The Obama administration's plan to purchase toxic assets from the banks in a public/private partnership could be made public as soon as this week, according to senior administration officials.
Officials said President Obama has largely signed off on the plan in discussions with Treasury Secretary Tim Geithner and the president's economic team. A meeting was scheduled today at the White House to discuss the plan. But some details of the so-called Public Private Investment Fund, or PPIF, had yet to be worked out and officials cautioned that could delay the announcement to the following week.
Still, officials say the broad outlines of the plan have been decided. Several competing funds will be established with capital from both public and private sources. The hope is to have these funds bid on the assets weighing down the balance sheets of the nation's banks and create a market price through the competition.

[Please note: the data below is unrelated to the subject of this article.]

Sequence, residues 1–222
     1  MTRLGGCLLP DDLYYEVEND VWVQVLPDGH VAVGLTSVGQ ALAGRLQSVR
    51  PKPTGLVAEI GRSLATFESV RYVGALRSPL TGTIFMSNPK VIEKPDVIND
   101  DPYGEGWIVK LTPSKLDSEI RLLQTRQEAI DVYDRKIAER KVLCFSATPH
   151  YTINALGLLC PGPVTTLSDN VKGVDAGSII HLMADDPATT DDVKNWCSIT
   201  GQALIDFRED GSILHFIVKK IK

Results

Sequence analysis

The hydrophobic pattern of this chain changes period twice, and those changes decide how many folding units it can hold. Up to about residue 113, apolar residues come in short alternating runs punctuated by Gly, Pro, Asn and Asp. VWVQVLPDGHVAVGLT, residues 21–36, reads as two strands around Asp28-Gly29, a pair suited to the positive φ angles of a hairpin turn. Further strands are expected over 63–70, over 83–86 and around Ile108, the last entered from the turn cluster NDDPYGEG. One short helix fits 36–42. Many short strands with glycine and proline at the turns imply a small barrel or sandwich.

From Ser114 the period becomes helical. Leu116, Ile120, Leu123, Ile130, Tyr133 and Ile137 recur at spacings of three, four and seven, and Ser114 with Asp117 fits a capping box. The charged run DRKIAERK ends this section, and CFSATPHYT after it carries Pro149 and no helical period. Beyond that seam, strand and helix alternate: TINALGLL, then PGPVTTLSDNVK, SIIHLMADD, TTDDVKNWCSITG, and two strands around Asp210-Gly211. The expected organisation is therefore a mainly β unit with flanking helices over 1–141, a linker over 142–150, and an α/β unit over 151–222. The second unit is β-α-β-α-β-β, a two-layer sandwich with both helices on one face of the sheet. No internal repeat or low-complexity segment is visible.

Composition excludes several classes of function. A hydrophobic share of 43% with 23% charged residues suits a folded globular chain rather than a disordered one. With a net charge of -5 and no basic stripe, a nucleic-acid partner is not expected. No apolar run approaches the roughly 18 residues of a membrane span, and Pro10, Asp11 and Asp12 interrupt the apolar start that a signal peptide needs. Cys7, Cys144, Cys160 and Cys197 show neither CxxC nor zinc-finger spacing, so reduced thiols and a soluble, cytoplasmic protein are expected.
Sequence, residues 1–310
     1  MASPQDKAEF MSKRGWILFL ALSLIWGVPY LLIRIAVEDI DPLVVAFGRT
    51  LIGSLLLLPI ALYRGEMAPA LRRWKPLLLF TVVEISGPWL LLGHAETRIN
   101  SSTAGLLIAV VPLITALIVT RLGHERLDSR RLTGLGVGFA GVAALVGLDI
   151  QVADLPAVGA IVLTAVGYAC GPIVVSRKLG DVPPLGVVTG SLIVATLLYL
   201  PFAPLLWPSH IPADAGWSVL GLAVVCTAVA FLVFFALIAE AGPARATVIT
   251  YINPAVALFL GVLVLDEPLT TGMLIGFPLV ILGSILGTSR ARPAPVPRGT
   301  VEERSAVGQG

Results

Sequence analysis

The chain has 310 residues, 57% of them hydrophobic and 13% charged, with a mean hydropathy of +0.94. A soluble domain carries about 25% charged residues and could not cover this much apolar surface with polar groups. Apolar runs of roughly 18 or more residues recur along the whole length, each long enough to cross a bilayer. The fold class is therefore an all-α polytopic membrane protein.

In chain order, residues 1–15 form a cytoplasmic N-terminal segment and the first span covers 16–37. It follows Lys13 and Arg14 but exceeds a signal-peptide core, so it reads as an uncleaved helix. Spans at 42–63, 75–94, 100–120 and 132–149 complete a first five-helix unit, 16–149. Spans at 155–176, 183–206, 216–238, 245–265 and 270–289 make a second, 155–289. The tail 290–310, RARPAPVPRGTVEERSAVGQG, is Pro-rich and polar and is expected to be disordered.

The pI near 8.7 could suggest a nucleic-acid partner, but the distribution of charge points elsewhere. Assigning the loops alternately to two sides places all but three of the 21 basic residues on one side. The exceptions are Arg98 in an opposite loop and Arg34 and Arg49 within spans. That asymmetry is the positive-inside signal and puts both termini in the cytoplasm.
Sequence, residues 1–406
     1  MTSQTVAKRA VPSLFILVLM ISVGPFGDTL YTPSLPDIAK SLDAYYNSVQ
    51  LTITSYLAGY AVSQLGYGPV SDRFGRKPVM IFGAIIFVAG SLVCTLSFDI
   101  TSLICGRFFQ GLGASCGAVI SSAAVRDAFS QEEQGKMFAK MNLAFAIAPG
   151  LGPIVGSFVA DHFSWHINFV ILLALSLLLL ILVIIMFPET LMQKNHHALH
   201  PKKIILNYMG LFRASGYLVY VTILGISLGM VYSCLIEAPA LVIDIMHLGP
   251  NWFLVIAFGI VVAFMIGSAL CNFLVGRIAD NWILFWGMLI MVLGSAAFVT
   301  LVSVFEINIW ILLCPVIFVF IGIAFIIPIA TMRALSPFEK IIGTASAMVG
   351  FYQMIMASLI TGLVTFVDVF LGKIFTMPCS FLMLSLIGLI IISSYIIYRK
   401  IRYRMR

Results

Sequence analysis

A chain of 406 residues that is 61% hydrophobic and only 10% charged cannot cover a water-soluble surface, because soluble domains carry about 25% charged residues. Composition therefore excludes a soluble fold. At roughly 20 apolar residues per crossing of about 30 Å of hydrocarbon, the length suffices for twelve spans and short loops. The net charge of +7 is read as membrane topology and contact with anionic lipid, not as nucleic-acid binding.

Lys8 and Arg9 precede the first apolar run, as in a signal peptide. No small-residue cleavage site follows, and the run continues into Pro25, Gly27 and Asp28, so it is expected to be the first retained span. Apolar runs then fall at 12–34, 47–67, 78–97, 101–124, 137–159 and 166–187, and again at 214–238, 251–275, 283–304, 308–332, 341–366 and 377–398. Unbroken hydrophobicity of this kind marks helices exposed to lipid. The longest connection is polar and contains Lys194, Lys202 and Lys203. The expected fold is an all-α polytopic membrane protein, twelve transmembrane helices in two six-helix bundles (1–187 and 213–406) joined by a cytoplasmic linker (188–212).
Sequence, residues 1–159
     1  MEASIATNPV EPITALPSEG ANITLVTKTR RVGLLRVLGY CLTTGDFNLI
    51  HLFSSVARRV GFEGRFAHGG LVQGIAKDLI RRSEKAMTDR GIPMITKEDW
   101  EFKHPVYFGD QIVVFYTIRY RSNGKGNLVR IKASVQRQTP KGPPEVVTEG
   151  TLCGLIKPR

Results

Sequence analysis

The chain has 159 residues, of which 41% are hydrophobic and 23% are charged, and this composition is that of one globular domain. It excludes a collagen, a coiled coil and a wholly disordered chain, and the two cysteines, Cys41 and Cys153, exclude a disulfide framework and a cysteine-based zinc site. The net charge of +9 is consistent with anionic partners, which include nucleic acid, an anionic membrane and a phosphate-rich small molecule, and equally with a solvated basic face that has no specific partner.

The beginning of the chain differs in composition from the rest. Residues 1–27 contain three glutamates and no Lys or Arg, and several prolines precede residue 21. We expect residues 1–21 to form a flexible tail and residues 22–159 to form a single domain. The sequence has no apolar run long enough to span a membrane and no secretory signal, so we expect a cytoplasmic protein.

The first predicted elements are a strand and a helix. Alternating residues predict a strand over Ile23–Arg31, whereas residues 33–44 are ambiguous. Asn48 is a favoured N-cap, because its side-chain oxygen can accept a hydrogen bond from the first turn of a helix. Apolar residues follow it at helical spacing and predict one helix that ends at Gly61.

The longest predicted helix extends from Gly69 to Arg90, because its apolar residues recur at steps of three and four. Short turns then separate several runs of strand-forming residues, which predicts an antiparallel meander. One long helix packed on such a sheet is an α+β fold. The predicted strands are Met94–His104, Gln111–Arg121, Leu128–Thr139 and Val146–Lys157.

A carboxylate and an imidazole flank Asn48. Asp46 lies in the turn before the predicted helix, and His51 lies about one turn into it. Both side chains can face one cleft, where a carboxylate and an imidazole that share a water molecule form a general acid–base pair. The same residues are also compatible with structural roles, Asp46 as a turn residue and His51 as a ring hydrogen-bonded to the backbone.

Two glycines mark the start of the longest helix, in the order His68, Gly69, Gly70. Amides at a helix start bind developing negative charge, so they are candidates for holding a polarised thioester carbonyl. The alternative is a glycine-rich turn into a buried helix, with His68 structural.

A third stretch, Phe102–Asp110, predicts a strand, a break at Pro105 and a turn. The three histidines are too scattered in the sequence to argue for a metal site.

The administration plans to begin the program, to be overseen by the Treasury, the Federal Deposit Insurance Corporation and the Federal Reserve, with purchases of up to $500 billion in assets. It could be expanded to $1 trillion.
The bidders will be offered low-cost government financing to buy the assets and some form of insurance to protect them against downside risk. Taxpayers, in turn, will also have a way of profiting on the upside if the assets appreciate.
Officials declined to provide details, and it was not clear if those specifics had been worked out.
The PPIF would come amid some trouble being experienced by the Term Asset Securities Loan Facility. A critical deadline for the program, intended to kickstart the consumer lending market, had to be delayed by two days to Thursday this week because of disagreements among market participants about loss protection.
But an administration official downplayed the delay and said TALF was still on track.